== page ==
What would be the result of vapor barrier and insulation of basement walls with minimal air sealing and insulation of the upstairs walls and ceiling? I mention this not because, if we stay and tackle this project, we would not eventually do those things. But since this would require phased implementation, we'd want to do the thing that would most help the apparent mold issue first, and soon. In my mind, this would be the basement, and after taking this single step we should see a huge improvement. But I'm a rookie, here.
As I see it, providing a drainage plane below a moisture barrier and installing a capillary break under the sills, then insulating, would raise the temp of all basement interior surfaces. Maybe not to the point of the upstairs temperature, but at least raise it, decreasing likelihood of moist outside air condensing to later evaporate and keep indoor humidity high. This would also effectively air-seal the basement, but not the first or second levels. However, due to whole house stack effect, moist air that leaks in at the first or second floor is much more likely to go up, not down into the slightly cooler basement to condense. (Well, I guess this would depend on the temp of the outside air. In the winter it would sink down, but would contain far less water vapor.) Since the flooring on the first floor is single layer and much of it original, there are a lot of gaps and we expect basement air to go up into the house, especially because there are a lot of places in the basement which require air sealing. But I don't expect a lot of this to go down.
If I understand correctly, this is only recommended after step 1) is completed, otherwise bulk water intrusion would overwhelm the system. Also, since bulk water is handled by an exterior system, there are no changes required to the bedrock floor
wood frame with cap break 1" away from foundation wall, rock wool insulation, Pro-Clima DB+ smart membrane and drywall coated with gypsum plaster and lime wash.
Annie Gibbons wrote:I just want to say, first of all, thank you so much, to everyone who has responded! The amount of information and ideas has been more than I expected, and very helpful. (A little overwhelming to take in all at once, but very helpful!)
I will have to go back and read things over a few more times probably, but a couple quick things:
1. The idea of looking into a home performance contractor makes much more sense, and I'm in the process of finding someone local. I never would have thought of that, but I think the holistic/systems approach makes a lot of sense.
2. Something my husband mentioned that I hadn't thought of in terms of changes to the structure of the house is that x number of years ago (maybe a decade?) the previous owners put in a patio that butts up to the back of the house. We've noticed some heaving of the pavers right against the outside wall (this is the side of the house over the crawl space). So that's something to look into, too.
3. As far as fracking/well drilling - could be. I don't know of any right nearby, but this is a big area for it, so could be? OH! I don't know if this could have had any effect, but just thought of it - 2 summers ago, I believe, there was a waterline put in along the road in front of our house, and our house is pretty close to the road. We talked to someone prior to the work about possible effects on the foundation, and were told there would be no negative effects. Not sure if that could be an issue, though?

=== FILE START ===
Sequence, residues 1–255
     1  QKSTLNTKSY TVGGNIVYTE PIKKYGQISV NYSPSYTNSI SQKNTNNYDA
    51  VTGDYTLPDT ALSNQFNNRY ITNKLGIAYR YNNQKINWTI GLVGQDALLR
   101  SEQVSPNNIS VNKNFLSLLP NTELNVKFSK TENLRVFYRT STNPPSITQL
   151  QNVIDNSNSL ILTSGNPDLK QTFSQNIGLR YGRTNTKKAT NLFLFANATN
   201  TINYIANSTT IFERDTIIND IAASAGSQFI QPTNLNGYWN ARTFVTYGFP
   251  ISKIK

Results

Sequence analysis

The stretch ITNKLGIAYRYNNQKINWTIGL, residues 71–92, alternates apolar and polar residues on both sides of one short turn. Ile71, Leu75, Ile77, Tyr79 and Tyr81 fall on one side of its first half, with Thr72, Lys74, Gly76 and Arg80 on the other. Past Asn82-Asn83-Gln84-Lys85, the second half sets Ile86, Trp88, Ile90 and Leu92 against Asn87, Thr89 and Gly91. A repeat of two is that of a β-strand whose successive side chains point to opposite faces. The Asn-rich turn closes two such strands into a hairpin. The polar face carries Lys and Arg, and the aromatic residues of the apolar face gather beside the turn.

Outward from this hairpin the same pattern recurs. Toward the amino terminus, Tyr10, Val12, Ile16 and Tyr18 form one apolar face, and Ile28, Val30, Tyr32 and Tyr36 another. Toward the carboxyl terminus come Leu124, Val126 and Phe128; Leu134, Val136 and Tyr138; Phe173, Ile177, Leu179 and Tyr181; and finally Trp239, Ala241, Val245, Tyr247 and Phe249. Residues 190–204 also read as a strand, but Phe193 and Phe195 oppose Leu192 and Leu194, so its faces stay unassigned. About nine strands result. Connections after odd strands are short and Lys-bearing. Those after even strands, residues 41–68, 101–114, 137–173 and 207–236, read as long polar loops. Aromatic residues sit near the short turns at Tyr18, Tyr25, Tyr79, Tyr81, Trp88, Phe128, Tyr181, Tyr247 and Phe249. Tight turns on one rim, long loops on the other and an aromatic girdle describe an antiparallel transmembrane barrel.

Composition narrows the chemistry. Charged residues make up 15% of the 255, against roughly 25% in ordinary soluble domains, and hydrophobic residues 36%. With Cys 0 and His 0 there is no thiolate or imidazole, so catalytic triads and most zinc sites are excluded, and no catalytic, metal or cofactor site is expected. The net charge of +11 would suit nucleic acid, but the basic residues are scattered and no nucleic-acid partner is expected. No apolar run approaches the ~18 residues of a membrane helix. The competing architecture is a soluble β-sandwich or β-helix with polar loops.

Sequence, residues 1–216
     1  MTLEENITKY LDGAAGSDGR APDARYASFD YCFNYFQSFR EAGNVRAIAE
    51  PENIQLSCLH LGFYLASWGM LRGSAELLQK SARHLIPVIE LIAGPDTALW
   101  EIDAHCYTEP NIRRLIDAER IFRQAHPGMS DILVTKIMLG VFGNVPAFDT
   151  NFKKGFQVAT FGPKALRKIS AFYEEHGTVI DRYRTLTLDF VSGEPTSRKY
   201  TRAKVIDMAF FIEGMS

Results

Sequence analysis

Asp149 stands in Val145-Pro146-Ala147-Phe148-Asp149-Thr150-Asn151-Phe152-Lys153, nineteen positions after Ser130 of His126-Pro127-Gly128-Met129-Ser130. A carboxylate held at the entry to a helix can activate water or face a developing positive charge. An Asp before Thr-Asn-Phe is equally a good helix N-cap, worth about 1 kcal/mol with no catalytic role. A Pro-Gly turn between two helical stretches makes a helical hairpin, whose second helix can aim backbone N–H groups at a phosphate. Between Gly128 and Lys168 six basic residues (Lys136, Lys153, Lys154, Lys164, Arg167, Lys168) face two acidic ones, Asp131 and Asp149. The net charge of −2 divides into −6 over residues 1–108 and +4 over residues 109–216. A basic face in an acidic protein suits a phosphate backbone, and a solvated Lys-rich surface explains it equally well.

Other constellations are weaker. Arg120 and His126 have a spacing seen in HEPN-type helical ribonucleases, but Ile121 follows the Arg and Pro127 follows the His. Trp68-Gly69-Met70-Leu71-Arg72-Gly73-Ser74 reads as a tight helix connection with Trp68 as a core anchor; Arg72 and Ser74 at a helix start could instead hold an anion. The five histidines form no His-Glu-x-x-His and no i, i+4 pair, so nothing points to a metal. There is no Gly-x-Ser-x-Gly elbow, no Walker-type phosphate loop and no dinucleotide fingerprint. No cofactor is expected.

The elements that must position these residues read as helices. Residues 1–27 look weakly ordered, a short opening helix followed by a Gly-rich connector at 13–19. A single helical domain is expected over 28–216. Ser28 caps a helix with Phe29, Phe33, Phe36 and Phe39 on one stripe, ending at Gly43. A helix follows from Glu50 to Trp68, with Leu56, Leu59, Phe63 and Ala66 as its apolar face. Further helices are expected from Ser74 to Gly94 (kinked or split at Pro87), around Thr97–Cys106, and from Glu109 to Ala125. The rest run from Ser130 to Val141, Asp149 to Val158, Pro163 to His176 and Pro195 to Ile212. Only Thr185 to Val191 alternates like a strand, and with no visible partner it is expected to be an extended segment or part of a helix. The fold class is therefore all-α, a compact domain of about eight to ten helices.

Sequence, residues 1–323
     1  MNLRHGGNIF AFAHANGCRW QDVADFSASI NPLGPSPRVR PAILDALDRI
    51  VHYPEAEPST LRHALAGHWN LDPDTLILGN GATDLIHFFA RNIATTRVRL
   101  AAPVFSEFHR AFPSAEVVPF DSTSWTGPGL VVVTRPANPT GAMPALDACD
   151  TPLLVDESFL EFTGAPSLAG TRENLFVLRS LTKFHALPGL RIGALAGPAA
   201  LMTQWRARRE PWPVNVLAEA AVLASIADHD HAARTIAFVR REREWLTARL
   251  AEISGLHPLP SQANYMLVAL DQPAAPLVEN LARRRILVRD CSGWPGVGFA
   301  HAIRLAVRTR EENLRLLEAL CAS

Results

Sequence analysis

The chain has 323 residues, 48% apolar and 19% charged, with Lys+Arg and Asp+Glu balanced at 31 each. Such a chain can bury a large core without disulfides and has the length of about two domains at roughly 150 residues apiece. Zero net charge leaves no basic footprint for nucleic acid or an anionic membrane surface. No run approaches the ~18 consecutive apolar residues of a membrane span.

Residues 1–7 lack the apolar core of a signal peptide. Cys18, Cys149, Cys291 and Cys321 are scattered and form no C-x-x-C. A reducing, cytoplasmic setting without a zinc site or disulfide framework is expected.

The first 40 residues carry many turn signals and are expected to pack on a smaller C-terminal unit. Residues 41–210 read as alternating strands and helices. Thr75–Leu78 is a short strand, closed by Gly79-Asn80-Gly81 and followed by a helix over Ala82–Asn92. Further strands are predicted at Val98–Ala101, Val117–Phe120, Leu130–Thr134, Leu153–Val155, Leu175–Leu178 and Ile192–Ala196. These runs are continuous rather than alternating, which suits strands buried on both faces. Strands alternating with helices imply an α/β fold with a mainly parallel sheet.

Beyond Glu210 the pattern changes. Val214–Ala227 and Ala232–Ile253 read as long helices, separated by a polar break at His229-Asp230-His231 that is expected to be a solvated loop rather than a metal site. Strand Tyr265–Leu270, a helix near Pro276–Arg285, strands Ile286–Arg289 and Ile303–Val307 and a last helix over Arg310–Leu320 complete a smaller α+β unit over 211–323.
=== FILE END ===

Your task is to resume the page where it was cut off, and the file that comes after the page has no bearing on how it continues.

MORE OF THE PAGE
4. Matu - no worries. I get it - I'm tired of this and frustrated with the ongoing issues and part of me does want to just move on and start fresh somewhere that doesn't have this issue. But - this house does have a lot of meaning to us, so for that and other reasons we want to do our research and figure out what we're dealing with and what it will take to fix it before deciding.
5. Why don't install a vapor barrier on the stone foundation? We were considering one on the basement ceiling, not the foundation - but curious why.
He'll tell you, "You've got a moisture problem in the basement, causing mold growth downstairs and upstairs. You should get it dry so we can remove the mold for you."
This is the thing - while I can understand why a remediation guy would want things dried up before they remove the mold - I have cleaned and recleaned enough things to have experience there... So obviously we need to deal with the source of the problem and take care of that before any real "final" cleaning/mold removal can happen. But what about the meantime? Assuming we talk to someone, figure out a plan that will address the root issues and decide to go ahead with it. That would be months, before we'd have it "dry". I'm concerned about what we're living with/breathing in in the meantime. Hopefully things will get better, as we're getting into winter and the wood heat will dry things out. But I really want to understand just how much mold we're breathing in, and if it's something that's going to have any real negative effects on our health. None of us is obviously very sick from it, but we do have allergies, and I do notice my throat burning if I stay too long in certain areas of the house, etc... None of that can be good. Not sure if that is something that a home performance contractor would be able to do?
Again - I imagine I've missed some things - I'll have to read through it all again. But thanks!